Contributed by Sophie Isbell
Sophie Isbell is a Content Marketing Specialist at Siege Media and a graduate of the University of Texas at Austin, where she studied corporate communications. You can find her nerding out over all things digital marketing, content strategy, and brand building… or on her drum set. (She spends a lot of time there too.)
Full-time employment can have numerous benefits in addition to a salary or hourly wage. Not only are you networking with like-minded individuals and gaining significant experience at that company, but you are often eligible for employee benefits.
Job benefits include but are not limited to paid time off, sick days, health insurance, pension and retirement. Arguably the most important, health insurance can help cut down out of pocket costs when it comes to dental, vision and general medical bills. Some companies will even offer a career development budget, two weeks of paid vacation and other benefits which incentivizes the work the employees accomplish.
However, the pandemic has had a significant impact on employment: new weekly jobless claims reached 847,000 on January 23, 2021, higher than any previous recession. Just last month, 10.7 million people were unemployed, making a 6.7% unemployment rate in the United States. Furloughs, otherwise known as temporary unemployment, increased by 277,000 last month to 3 million.
Millions of Americans are either looking for jobs after being laid off, furloughed or quitting. One important aspect to consider when leaving a job is what exactly happens to your benefits. Although there is no one simple answer, it does vary depending on the company and situational circumstances. The best course of action is investigating if you are qualified for unemployment and then submitting a claim so that you can stay afloat until you find your next source of income.
Table of Contents
- Retirement & Pension
- Health Insurance
What to Know When You’re Furloughed or Laid Off
- Health Insurance, Pension & Retirement
What to Know When You’re Fired
- What to Do When You’re Unable to Pay Your Bills
- Open New Accounts is Not the Best Idea, Nor is Increasing Your Balance
What to Know When You Quit
At some time or another, everyone has a job where they put in two weeks’ notice that they will no longer work there. Quitting a job often means some or all of your benefits, like dental or vision health insurance, end either on your last day or at the end of your last month.
Retirement & Pension
The first place to go for more details on your benefits would be your human resources department. They can help you find out if you’re eligible for benefits like pension and retirement plans after you’ve put in your two weeks notice. Common retirement benefits include a 401(k), where companies can either match your contributions to your retirement plan or deposit a lump sum of retirement funds following your tenure.
If you have a defined-benefit plan which begins when you retire, that is when your benefits can be used regardless of your employment status prior to retirement. When it comes to pension, some companies will continue to deposit funds in installments, also known as annuity, or a lump sum paid once.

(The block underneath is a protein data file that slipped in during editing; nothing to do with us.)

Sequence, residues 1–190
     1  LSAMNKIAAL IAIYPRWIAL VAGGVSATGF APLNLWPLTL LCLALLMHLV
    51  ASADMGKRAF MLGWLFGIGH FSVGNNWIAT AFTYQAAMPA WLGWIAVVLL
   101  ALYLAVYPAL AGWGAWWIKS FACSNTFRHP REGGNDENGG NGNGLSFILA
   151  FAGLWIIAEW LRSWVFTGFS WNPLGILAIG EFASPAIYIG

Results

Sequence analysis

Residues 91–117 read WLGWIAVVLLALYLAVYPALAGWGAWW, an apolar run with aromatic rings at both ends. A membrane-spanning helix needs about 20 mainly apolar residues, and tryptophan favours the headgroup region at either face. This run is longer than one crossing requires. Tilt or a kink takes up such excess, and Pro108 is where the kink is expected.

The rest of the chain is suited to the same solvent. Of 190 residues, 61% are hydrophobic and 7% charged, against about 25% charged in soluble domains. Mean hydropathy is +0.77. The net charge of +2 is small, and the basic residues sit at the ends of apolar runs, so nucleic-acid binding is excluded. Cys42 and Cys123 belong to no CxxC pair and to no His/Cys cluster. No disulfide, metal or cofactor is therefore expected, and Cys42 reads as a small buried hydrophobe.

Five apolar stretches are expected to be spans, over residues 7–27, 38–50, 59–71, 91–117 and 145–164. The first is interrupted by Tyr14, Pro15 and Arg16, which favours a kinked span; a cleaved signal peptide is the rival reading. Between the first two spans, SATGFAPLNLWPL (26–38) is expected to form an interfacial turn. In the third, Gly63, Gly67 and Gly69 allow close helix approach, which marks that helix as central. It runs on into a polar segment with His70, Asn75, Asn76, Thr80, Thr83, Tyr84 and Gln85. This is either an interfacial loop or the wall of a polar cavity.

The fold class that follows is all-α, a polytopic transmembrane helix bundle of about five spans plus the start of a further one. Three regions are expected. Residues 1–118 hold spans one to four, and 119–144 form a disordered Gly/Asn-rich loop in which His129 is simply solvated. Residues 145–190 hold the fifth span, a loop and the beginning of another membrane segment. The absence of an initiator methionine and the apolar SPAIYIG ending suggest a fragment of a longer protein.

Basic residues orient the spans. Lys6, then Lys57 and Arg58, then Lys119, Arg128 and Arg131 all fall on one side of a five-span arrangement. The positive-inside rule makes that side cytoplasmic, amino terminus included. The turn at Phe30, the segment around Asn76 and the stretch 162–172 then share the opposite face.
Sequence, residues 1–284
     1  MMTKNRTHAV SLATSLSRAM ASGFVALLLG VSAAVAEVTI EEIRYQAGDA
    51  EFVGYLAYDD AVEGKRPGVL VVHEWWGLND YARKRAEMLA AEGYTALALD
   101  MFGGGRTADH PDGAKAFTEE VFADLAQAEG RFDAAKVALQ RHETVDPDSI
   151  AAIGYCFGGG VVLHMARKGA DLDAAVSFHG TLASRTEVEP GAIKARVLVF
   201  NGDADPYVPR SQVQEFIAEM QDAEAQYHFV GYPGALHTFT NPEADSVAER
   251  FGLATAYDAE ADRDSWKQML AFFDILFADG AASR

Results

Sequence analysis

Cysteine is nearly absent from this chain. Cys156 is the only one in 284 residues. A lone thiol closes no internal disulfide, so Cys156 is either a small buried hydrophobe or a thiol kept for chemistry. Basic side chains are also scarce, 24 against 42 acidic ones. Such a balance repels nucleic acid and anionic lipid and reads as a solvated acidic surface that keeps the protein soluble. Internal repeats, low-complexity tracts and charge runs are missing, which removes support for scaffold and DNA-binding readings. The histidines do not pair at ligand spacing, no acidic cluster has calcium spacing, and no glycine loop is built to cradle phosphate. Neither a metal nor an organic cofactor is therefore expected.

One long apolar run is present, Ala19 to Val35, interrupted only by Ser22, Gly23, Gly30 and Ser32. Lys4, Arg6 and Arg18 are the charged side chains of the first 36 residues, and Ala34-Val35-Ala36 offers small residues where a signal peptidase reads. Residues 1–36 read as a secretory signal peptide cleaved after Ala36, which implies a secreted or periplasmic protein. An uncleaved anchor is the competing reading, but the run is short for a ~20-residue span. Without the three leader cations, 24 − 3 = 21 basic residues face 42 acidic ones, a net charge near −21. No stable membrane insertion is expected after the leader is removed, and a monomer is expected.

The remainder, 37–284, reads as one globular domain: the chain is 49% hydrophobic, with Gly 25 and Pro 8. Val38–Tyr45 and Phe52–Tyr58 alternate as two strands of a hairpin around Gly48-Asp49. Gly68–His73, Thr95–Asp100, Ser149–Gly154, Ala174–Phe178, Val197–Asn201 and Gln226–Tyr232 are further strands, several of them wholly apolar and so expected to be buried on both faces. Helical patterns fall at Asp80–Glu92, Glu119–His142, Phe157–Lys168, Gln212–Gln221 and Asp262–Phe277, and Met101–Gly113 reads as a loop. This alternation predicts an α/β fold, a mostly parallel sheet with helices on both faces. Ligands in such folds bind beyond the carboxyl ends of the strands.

The Consolidated Omnibus Budget Reconciliation Act, or COBRA, allows employees to hold on to their health insurance benefits for up to 36 months after leaving a job — that is, if the company has more than 20 employees. According to the U.S. Department of Labor, COBRA must be offered to employees who quit, were fired or laid off.
One important date to note is that to receive these benefits, you must opt in to COBRA within 60 days of leaving the company. It’s also true that the coverage will apply in retrospect to the date that you were no longer eligible for benefits, meaning the coverage is retroactive.
Although COBRA helps you maintain your current physician as well as cover the cost of prescriptions, employees will be responsible for paying their health insurance premium in addition to the 2% administrative fee. This makes COBRA a good option for employees who are still on the job hunt, who had to quit due to external circumstances or employees who enter retirement.
What to Know When You’re Furloughed or Laid Off
The beginning of COVID-19 resulted in many companies putting their employees on furlough, or a temporary layoff based on extenuating circumstances. Furlough is usually either mandatory or offered to prevent other employees from losing salary. It is different from being laid off or fired because it simply means that your employer cannot afford to pay you but they also aren’t terminating your employment. Access to benefits, however, depends on the company: some employers may choose not to pay your salary but will cover the cost of healthcare; others may not pay either.
The first person to contact after being furloughed is your human resources representative to make sure your benefits are still available and if not, you can ask them for a time frame for which you will be furloughed. For individuals with preexisting conditions and a crucial need for health insurance, the best course of action is to find another insurance option in the meantime. Being laid off is similar to being furloughed in that it isn’t because of any fault of your own, but different in that your employment with that particular company has come to an end. Again this is often due to outside circumstances such as an economic crisis and budget cuts, similar to those of the COVID-19 recession.